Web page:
Of course, there’s also the problem that even a 3% ticket surcharge would bring in only about $2 million a year – and, as noted, the state stadium authority is facing a $43 million a year deficit. Somehow I don’t think a 60% ticket tax is going to fly, no matter how fair the “users should pay” argument may be.
Hey, remember that $20-35 million a year operating deficit Indianapolis’ stadium authority was projecting to run? Turns out it’s now $43 million a year – and the city or county may have to consider new taxes to help stem the flow of red ink.
Among the options being considered, according to the Indianapolis Star, are a food and beverage tax hike, a hotel tax hike, a sales tax increment financing district (which would just divert sales taxes that would otherwise go to the state treasury), a ticket surcharge (which, contrary to what the Star claims, would mostly come out of the pockets of the Colts and other local teams, who would be limited how much they could raise ticket prices, not local fans), and lease concessions from the Colts and Pacers. Noting that the Pacers are expected to demand a sweetheart lease akin to the Colts’, U of Indianapolis sports marketing professor Larry DeGaris remarked, “On one hand, the city has already played its hand by building the stadiums — it would be a shame to have these two huge white elephants Downtown (if the teams, in particular the Pacers, opt to move to new cities). But the teams don’t have the same leverage now, either. Where are the Pacers going to go that can help them?”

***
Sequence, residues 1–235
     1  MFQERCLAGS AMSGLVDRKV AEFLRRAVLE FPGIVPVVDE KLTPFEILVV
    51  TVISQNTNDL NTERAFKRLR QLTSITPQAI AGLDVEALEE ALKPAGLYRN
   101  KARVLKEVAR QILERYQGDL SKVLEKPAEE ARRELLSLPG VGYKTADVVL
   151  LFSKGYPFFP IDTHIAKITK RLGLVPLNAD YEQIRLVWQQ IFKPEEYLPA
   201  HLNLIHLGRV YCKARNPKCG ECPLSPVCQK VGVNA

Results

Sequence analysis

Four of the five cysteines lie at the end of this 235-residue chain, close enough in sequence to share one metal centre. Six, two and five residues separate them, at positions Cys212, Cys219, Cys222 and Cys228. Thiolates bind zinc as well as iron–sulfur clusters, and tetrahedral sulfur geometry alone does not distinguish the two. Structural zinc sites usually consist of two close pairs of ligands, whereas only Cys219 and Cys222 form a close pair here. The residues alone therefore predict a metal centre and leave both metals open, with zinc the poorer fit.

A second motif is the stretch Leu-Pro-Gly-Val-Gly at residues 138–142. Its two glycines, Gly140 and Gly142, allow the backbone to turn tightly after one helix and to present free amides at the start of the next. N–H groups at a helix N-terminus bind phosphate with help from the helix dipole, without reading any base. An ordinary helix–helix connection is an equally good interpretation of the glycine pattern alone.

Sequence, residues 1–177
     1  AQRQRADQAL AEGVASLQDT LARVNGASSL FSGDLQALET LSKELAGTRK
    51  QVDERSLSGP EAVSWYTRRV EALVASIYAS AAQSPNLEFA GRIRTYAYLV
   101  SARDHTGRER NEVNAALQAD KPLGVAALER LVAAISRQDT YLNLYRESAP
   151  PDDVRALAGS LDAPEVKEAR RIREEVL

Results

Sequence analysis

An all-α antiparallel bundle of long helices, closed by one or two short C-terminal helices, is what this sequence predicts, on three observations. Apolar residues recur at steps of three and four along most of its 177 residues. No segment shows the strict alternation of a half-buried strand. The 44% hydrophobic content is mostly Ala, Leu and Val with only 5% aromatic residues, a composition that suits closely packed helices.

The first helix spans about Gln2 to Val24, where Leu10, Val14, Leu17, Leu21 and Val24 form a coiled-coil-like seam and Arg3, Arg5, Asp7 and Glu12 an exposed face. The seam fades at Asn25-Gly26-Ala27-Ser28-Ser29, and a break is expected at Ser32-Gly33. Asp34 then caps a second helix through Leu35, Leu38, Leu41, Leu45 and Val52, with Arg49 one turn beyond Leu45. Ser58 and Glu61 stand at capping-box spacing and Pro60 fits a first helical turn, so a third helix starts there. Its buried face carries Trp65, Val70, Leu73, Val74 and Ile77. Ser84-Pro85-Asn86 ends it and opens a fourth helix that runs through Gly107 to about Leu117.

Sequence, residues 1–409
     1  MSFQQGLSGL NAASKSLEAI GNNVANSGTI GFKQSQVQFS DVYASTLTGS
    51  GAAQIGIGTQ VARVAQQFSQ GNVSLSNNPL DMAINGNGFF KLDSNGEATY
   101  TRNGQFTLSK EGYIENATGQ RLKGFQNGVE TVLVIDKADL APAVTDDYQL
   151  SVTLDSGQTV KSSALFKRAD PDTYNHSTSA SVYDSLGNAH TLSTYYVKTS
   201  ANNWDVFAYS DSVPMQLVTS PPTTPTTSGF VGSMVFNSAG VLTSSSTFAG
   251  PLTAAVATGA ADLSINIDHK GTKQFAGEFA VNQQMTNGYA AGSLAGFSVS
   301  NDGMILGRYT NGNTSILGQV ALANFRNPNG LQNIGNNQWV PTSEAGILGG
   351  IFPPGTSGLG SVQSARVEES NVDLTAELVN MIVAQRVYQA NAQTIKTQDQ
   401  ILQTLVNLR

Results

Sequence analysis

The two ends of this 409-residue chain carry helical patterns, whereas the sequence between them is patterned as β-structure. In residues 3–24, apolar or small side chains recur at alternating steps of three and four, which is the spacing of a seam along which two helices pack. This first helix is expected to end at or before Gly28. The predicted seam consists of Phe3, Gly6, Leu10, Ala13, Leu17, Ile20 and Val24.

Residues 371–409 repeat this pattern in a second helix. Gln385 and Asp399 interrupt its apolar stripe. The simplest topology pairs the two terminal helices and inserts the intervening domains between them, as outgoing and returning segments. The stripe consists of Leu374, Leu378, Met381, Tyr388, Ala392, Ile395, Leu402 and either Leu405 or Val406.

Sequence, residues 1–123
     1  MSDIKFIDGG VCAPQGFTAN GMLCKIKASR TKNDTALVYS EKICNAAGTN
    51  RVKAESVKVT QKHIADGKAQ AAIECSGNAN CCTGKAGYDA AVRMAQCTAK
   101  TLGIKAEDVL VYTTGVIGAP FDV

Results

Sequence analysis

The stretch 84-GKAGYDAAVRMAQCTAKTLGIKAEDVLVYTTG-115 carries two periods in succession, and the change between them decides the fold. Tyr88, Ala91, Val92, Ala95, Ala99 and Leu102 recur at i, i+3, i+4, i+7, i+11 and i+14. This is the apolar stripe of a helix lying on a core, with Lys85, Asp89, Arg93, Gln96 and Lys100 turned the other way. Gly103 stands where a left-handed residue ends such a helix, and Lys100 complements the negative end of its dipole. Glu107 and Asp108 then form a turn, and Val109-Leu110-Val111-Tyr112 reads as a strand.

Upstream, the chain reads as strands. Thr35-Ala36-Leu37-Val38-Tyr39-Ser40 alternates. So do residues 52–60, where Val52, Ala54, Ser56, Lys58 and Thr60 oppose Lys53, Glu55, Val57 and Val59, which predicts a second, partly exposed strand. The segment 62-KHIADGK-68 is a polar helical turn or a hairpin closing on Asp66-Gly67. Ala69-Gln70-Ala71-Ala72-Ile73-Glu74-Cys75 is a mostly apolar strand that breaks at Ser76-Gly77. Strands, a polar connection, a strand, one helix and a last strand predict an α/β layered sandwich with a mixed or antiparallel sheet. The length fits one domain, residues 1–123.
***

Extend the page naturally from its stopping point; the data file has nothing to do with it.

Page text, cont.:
All this, on top of the $715 million that local taxpayers spent to build the Colts’ new stadium in the first place, could leave the public on the hook for more than $1 billion in construction and operation costs. But then, it’s not like anyone could have predicted that the stadium would lose money for its public owners once it opened – oh, wait…
Remember how the public’s costs of operating the Indianapolis Colts‘ Lucas Oil Stadium were running $10 million a year over initial projections? Well, now it’s $20 million. Or maybe $35 million.
“I’m hoping it’s a first-year cost and … not an ongoing type of cost,” state senator Luke Kenley told TheIndyChannel.
Kenley probably shouldn’t read today’s Bond Buyer, then, which mentions: “Part of the problem is the possibility of $15 million in increased costs for the Conesco (sic) Fieldhouse as the National Basketball Association’s Pacers renegotiate their lease this year.” The Pacers’ lease gives them the right to renegotiate after this year; why the city is already anticipating giving them a $15 million a year rent break is beyond me. Even if they are losing money, what are they going to do, move to Kansas City?